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“Through its financing and technical support, a complex range of public and private institutions continue to be involved in attacks against defenders,” cites the report of the UN Special Rapporteur on the situation of human rights defenders, Michel Forst.
According to Forst, “there is a deep crisis linked to the imposition of development models that seem to favor short-term benefits and commodification on the needs and aspirations of local populations.” The report found that in many cases, violations of rights and conflict stem from the exclusion of potentially affected communities from decisions about their lands and natural resources. “Only by guaranteeing the right of those communities to grant or deny their Free, prior and informed consent, as foreseen in international agreements, can avoid these origins of the conflict.”
The Special Rapporteur’s analysis echoes some of the critical trends and challenges highlighted in a brief submittedby the Coalition for Human Rights in Development in response to the Special Rapporteur’s call for the report. These include the growing role of the private sector in development, the lack of due diligence on human rights by development banks, the increasing use of financial intermediaries and the poor execution of consultation and consent processes.
The report of the Special Rapporteur highlights the “urgency” for development banks and other investors to use due diligence on human rights issues to identify potential risks for defenders and identify mitigation measures before making investment decisions. Taking into account the commitments of the States in matters of sustainable development, the Rapporteur stressed that “now is the time to ‘lead by example’ and ensure that no one can be killed or threatened for the mere fact of defending human rights.”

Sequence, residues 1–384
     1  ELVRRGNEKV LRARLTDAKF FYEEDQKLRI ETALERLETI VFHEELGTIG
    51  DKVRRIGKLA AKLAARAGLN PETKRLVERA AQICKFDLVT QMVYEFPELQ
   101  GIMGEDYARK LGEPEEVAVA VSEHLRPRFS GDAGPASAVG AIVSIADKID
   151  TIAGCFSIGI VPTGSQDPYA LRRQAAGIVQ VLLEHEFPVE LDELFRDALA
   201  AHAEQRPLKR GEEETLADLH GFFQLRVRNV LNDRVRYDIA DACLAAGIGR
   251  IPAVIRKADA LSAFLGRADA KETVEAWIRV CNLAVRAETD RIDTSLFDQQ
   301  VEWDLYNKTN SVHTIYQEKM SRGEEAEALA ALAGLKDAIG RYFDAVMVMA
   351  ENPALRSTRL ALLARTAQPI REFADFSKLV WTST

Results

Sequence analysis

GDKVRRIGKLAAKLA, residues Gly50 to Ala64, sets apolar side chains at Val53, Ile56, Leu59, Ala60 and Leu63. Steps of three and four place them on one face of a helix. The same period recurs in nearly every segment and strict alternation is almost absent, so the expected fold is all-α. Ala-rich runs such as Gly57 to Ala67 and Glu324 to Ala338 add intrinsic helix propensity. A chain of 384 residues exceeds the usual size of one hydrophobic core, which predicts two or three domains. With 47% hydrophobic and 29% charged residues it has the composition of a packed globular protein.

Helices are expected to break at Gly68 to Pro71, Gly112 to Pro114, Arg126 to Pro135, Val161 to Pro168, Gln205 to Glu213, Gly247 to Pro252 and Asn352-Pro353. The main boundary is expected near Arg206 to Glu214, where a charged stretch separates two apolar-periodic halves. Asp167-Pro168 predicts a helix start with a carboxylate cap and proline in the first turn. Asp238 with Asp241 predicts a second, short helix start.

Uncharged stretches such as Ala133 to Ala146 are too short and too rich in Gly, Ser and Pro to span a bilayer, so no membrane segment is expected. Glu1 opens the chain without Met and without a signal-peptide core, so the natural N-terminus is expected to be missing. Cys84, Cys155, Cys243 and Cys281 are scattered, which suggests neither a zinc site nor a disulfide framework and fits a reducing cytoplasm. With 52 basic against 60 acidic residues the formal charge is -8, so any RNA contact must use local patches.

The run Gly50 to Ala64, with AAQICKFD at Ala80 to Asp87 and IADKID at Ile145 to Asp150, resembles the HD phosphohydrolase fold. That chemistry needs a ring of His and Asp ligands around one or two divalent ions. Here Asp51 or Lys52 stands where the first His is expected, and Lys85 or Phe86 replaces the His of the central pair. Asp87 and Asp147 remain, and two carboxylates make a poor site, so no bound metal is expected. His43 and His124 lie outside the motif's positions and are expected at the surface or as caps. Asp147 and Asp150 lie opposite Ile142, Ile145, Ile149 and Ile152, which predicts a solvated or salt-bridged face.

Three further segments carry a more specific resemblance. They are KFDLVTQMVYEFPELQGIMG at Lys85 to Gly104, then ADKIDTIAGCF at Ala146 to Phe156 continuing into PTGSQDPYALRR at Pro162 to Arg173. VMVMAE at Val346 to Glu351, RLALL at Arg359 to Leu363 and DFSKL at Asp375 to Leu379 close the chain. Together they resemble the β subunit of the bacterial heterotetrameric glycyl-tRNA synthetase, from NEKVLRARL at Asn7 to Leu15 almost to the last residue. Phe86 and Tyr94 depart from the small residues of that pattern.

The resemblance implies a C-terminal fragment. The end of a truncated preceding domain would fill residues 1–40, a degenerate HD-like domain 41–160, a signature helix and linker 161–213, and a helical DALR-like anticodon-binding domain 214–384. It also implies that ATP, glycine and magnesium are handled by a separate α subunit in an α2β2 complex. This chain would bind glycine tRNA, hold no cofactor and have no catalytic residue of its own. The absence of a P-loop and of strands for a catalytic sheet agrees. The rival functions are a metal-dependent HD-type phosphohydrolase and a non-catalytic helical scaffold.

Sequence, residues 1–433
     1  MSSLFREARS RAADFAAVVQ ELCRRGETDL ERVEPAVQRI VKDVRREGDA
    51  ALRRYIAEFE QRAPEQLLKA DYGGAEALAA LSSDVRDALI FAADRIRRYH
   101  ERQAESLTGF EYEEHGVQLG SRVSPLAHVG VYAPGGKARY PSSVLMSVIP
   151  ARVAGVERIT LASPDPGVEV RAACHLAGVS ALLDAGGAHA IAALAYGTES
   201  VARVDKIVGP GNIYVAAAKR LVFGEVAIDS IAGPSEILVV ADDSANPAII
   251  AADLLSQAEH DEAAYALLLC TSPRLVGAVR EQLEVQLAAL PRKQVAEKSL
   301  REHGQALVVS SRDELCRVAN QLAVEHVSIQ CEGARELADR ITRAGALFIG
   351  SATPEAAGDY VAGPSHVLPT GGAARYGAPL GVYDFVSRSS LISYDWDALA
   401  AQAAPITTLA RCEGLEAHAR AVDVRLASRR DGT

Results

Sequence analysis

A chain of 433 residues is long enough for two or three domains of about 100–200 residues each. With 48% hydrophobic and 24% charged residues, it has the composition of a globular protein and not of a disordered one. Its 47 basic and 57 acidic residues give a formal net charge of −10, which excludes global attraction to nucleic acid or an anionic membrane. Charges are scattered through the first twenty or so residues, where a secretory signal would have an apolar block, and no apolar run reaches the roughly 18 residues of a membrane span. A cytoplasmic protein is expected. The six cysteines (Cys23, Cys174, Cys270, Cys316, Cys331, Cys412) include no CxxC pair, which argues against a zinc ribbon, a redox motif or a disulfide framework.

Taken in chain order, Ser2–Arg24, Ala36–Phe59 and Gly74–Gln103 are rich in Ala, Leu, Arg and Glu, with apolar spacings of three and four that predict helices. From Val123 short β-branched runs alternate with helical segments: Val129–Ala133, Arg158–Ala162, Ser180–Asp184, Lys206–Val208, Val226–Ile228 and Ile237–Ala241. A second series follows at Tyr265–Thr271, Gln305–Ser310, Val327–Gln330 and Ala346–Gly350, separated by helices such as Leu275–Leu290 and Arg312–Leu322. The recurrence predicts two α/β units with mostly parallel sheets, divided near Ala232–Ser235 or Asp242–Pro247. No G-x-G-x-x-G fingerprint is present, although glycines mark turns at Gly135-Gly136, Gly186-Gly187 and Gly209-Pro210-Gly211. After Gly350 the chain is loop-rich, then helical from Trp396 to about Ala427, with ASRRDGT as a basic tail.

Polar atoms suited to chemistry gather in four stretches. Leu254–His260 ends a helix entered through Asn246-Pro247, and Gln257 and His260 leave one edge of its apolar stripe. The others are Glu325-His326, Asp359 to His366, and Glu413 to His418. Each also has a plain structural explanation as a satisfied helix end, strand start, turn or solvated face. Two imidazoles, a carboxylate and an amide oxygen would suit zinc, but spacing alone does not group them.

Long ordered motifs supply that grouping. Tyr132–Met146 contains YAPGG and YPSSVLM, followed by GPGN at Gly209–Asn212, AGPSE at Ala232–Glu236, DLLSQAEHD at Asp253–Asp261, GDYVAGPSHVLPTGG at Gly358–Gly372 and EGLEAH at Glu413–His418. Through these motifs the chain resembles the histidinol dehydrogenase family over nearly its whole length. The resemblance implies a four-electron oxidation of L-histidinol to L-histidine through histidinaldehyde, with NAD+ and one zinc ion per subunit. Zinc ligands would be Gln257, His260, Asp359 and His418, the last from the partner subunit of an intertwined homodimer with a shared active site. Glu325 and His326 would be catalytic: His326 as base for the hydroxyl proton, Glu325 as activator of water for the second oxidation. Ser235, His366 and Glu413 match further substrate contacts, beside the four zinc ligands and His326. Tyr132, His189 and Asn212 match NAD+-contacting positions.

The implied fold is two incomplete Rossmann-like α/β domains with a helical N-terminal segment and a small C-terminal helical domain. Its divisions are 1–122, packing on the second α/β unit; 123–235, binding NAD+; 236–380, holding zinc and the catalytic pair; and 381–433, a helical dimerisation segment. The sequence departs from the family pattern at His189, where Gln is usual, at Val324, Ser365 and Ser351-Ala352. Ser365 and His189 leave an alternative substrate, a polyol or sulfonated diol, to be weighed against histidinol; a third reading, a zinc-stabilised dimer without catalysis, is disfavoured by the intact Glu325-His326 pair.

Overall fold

The report recommends several concrete policies and practices that development banks and other investors should adopt to safeguard defenders:
– Conduct ex ante impact assessments on the enabling environment for human rights and fundamental freedoms in host countries, as well as on the risks of projects for human rights defenders.
– Conduct on-site monitoring with human rights experience for all projects;
Use contractual provisions to require clients to ensure that defenders can publicly and securely disclose their claims;
– Demand accessible and independent complaints mechanisms with experience in human rights;
– Monitor projects closely for reprisals and, if they do occur, respond promptly and publicly, including exercising influence over governments to investigate and hold accountable those who use force against protesters or threaten critics of projects;
– Disclose all final users of loans from financial intermediaries and ensure compliance with safeguards and human rights;
– Retain investments where impact evaluations reveal serious threats to civil liberties and to defenders.
The Special Rapporteur’s findings echo many of the priorities and recommendations of the Defenders in Development campaign led by the Coalition along with civil society groups from around the world. The campaign is working to ensure that development activities respect human rights, that development funders promote an environment conducive to public participation, and that defenders can defend their rights and hold development actors accountable. fear.
Source: Coalición para los Derechos Humanos en el Desarrollo
source of the image: Accountability Counsel